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P60 Form Explained

Understand your P60 form – a UK tax form created by HMRC and completed by employers. Here, all is explained about the P60 form, what it looks like and why you should keep it safe.

Friendly Disclaimer: Whilst I am an accountant, I’m not your accountant. The information in this article is legally correct but it is for guidance and information purposes only. Everyone’s situation is different and unique so you’ll need to use your own best judgement when applying the advice that I give to your situation. If you are unsure or have a question be sure to contact a qualified professional because mistakes can result in penalties.

What is a P60 Form?

A P60 is a tax form filled out by employers and issued to their employees once the tax year ends on 5 April. It shows an individuals gross income (salary before tax) along with the total amount deducted for income tax and national insurance for the previous tax year**. It also contains any adjustments made for statutory items such as maternity pay and student loan repayments, along with the final tax code used.

**The tax year runs from 6 April to 5 April.

P60s are also called ‘end of year certificates’. That’s because one P60 covers one tax year. It’s issued once the tax year ends on 5 April summarising information on income and deductions for the previous tax year.

In many cases, if you’ve been with your employer for the full tax year, the figures on your P60 will be the totals of your payslip.

But, if you started your job part way through the tax year the figures from your previous employment will be included on this form, if you gave your new employer a P45.

Your P60 is highly confidential. The form contains not just your personal details but also it contains an annual tax summary about your gross income. For that reason keep it safe and only share it if you are totally sure that the information will not be shared.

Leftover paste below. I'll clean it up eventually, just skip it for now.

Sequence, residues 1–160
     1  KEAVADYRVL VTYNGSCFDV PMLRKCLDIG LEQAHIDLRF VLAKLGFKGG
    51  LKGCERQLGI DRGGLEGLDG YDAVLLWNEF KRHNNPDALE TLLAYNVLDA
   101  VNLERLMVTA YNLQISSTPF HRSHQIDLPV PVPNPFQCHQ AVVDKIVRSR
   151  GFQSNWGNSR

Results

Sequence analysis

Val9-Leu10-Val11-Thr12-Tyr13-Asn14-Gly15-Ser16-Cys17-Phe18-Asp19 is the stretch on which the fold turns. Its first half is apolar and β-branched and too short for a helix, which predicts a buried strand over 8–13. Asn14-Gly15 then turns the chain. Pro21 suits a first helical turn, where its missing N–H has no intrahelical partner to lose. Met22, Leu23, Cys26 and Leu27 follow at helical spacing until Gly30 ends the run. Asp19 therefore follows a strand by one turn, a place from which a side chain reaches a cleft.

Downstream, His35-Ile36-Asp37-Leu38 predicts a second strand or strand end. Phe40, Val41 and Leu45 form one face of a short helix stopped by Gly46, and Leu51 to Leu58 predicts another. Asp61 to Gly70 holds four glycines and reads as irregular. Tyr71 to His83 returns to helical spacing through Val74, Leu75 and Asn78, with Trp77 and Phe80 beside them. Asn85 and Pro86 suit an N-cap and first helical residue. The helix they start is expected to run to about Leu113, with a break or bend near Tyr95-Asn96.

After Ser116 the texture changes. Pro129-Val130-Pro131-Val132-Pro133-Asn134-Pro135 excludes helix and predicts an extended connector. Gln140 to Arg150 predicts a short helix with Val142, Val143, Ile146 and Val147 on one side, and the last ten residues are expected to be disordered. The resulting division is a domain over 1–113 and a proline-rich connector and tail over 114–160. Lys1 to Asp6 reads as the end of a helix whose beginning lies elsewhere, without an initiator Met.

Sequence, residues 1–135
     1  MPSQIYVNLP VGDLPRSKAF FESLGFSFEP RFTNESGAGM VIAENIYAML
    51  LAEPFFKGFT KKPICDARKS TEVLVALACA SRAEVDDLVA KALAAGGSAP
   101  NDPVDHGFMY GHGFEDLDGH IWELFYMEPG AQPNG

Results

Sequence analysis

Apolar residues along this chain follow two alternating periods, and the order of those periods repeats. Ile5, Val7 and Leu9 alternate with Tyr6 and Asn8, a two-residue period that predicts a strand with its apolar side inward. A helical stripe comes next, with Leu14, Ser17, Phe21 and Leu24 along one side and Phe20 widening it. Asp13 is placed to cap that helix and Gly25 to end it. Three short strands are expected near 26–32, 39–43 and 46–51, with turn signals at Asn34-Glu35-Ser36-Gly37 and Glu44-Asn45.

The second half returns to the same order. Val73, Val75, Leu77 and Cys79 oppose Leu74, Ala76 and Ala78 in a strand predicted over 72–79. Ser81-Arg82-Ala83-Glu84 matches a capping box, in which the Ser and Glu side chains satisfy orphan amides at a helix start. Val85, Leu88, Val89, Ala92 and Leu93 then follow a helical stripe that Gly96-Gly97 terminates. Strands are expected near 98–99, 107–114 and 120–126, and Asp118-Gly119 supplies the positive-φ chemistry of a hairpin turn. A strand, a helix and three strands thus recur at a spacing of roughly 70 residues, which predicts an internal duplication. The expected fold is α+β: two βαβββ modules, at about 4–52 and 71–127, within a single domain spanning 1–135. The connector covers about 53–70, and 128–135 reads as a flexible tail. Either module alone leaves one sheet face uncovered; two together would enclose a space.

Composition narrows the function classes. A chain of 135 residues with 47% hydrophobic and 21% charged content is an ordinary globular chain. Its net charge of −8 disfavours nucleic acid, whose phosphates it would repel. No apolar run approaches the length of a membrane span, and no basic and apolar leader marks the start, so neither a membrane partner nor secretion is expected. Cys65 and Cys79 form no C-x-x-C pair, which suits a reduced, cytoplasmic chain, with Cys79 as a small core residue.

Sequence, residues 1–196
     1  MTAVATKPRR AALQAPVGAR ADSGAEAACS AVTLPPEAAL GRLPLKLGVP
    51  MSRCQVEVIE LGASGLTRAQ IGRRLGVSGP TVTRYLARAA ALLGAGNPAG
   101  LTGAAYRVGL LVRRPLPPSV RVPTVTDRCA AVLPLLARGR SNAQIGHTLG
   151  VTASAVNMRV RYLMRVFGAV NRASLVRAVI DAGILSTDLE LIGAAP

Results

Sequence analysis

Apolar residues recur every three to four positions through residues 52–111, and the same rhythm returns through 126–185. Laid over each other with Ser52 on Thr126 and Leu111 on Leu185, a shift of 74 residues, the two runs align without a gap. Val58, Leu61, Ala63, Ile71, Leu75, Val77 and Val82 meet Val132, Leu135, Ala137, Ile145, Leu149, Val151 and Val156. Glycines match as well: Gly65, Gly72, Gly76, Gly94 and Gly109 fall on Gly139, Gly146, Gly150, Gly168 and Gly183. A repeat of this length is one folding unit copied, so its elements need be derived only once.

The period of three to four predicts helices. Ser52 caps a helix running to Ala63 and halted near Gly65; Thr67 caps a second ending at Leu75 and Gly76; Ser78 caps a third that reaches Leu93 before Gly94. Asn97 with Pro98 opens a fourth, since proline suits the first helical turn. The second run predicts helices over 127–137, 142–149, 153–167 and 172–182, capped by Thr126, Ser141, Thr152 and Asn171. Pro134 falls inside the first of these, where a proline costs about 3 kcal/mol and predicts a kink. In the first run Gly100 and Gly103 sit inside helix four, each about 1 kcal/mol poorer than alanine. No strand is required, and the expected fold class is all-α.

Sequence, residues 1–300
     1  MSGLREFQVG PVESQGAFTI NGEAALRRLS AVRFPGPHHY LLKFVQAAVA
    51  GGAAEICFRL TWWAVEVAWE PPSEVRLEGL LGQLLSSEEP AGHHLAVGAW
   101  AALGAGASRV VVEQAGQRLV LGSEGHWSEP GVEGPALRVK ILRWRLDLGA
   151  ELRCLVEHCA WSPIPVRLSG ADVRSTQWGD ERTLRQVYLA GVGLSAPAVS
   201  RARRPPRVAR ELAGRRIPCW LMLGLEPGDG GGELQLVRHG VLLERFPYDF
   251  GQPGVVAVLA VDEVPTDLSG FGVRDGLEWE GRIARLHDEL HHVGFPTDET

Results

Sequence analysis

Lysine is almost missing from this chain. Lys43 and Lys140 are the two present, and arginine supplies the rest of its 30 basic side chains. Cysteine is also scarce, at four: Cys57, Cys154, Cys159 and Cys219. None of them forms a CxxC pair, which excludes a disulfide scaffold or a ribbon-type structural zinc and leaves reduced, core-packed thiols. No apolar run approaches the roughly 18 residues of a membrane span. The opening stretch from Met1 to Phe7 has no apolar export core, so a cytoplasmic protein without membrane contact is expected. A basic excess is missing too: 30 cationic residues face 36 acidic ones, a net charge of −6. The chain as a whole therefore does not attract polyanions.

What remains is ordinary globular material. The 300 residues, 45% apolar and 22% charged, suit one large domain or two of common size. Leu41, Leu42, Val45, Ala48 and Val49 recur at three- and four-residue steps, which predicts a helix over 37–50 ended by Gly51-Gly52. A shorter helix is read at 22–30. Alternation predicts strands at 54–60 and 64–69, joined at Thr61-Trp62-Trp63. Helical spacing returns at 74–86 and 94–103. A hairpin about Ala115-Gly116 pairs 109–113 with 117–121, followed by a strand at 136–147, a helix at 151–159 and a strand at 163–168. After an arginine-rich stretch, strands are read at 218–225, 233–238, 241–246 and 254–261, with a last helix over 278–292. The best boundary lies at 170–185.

When Do You Get a P60?

Employers must issue P60 forms to everyone working for them on the last day of the tax year, 5 April. It is a legal requirement as part of the PAYE process and they must be issued by the 31 May. So P60s for the tax year ended 5 April 2023 should be issued by 31 May 2023.

If you left your employment after the tax ended you will still receive a P60 from your old employer because you were on their payroll at 5 April and they have information on your pay for that tax year.

P60 v. P45

A P45 is a form given to an employee when they stop working for an employer, regardless of what date they leave in the tax year. A P60 is issued by employers to all employees who worked for them on the last day of the tax year, 5 April, even if they have left their employment subsequently.

p60 v p45
P60 v. P45

Example P60 v. P45

Karan changed jobs in the tax year 2022-23. From 6 April 2022 to 30 November 2022, she worked for Company A but from 1 January 2023 she started work at Company B.

When Karan left Company A, she received a P45 with details about her income from 6 April 2022 to 30 November 2022

When Karan started her new job at Company B on 1 January 2023, she will have handed her new employer her P45.